Facebook Twitter

Kodaly’s dances capture the folk idiom of Hungary

SHARE Kodaly’s dances capture the folk idiom of Hungary

Hungary's Zoltan Kodaly (1882-1967) may not have been the equal of his friend and compatriot Bela Bartok when it came to writing music of stature and foresight. Where, for example, in the former's vast output is there anything to equal "Bluebeard's Castle," the six Bartok quartets or the Music for Strings, Percussion and Celesta?

But he takes a back seat to no one when it comes to incorporating the folk idiom of his homeland in his own compositions, and that ability is nowhere more agreeably on display than in the orchestral pieces listed above. In short, it's no accident that three decades after his death, these are still his most popular, and most-recorded, works.Though it bears a 1995 English copyright, the Dutoit recording appears to be reaching our shores for the first time. At 77 minutes, it's a generous collection, aided by the evocative playing of the Montreal Symphony and the sumptuous recorded sound.

Indeed, in places things strike me as overly sumptuous, for example the luxuriant orchestral "sneeze" with which "Hary Janos" opens and the same suite's somewhat softened "Intermezzo." If you want to hear how this music should go, check out fellow Hungarians Antal Dorati (particularly his mid-'50s Mercury recording) and Istvan Kertesz, still my top choices in this repertoire.

On the other hand, neither of them finds as much atmosphere in the cimbalom-laden "Song," here of near-Repighian richness, and I also like the flavorful brass in "The Battle and Defeat of Napolean." By contrast, Levi's performances, though they have more edge, seem comparatively straight - sort of an American view of Kodaly, if you will.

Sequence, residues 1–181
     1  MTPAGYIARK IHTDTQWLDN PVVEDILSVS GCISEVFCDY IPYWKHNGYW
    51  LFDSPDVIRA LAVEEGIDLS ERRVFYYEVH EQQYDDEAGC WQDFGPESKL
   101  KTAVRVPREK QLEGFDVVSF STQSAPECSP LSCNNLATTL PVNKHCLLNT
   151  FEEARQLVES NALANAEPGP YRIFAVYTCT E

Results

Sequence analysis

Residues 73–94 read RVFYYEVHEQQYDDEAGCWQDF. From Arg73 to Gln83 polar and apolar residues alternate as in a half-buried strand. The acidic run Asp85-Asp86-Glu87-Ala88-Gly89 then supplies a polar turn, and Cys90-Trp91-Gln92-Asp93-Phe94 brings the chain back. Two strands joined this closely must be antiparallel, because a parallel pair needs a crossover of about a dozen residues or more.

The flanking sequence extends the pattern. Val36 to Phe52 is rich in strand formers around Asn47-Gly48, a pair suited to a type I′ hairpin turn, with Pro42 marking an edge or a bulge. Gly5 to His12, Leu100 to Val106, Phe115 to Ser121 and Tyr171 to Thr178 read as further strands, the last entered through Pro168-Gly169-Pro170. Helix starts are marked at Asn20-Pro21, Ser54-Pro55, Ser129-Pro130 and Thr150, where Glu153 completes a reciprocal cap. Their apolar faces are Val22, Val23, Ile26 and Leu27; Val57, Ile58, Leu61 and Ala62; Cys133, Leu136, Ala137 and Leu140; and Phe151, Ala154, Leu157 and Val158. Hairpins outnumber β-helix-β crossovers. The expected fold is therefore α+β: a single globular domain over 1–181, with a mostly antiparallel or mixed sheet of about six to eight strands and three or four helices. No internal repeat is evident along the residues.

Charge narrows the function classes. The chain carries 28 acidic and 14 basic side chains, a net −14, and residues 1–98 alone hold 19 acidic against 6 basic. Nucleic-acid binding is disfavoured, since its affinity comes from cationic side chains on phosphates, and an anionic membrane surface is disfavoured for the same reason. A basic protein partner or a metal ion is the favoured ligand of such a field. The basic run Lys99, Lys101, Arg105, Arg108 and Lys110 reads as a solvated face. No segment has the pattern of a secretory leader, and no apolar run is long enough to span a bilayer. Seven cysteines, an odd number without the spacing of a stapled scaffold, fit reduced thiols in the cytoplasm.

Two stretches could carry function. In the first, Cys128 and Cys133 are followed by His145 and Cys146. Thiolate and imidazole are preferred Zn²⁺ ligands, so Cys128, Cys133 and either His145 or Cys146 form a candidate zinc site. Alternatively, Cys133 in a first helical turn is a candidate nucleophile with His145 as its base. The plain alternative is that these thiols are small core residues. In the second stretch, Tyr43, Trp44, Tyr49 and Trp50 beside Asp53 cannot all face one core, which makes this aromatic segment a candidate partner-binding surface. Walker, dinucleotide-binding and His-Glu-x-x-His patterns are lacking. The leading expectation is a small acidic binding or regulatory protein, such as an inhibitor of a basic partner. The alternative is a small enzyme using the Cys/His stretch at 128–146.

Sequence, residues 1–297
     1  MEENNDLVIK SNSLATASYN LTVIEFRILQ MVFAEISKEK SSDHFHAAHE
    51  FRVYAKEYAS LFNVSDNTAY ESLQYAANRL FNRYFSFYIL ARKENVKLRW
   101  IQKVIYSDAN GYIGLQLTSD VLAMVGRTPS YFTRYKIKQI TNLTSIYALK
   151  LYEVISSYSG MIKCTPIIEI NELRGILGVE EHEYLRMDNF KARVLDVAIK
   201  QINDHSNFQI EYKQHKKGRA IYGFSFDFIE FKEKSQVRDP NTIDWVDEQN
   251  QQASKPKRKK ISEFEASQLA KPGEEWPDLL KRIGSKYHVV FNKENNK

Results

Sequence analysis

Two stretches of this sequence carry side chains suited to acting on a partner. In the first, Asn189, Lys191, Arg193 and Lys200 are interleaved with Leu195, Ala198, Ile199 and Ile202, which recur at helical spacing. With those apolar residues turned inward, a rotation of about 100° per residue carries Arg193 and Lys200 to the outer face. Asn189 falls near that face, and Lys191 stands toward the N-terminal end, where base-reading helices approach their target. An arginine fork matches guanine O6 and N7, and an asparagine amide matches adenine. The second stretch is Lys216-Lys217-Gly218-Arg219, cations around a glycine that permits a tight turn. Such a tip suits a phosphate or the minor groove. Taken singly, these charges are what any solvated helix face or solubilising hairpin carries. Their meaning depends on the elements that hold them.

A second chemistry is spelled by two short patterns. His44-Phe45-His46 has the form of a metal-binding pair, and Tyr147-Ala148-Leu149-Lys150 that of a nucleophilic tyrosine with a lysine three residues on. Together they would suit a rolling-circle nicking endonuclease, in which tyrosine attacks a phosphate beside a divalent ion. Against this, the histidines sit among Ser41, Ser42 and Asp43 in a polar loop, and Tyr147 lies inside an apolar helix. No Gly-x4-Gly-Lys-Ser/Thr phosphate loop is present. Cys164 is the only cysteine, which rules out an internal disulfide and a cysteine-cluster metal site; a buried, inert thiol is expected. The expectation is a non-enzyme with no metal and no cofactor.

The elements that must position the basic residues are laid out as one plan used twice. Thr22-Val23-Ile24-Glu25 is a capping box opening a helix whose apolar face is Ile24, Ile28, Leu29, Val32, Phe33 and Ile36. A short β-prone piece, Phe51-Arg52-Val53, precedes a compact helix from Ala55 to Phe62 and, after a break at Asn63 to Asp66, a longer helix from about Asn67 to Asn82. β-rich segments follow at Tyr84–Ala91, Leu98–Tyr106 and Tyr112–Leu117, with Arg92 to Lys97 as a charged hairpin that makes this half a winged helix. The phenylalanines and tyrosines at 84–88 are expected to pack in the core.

And so it goes. With their polished straightforwardness, Levi's "Galanta Dances" are at their best in the propulsive final sections, as opposed to Dutoit's greater emotional expanse. And although Levi makes the "Peacock" Variations bigger and more important-sounding, that is sometimes achieved at the cost of their freshness and charm.

Where Telarc does score, however, is in the area of recorded sound, maybe even better than Mercury's "Living Presence." Also, unlike Dutoit, they provide separate track access to each of the "Peacock" Variations. Still, I prefer London's balancing of the cimbalom and their inclusion of the "Marosszek Dances." Given his generally slower tempos, that might have pushed the timing of Levi's disc to the limit, but it does make for a decisive bonus.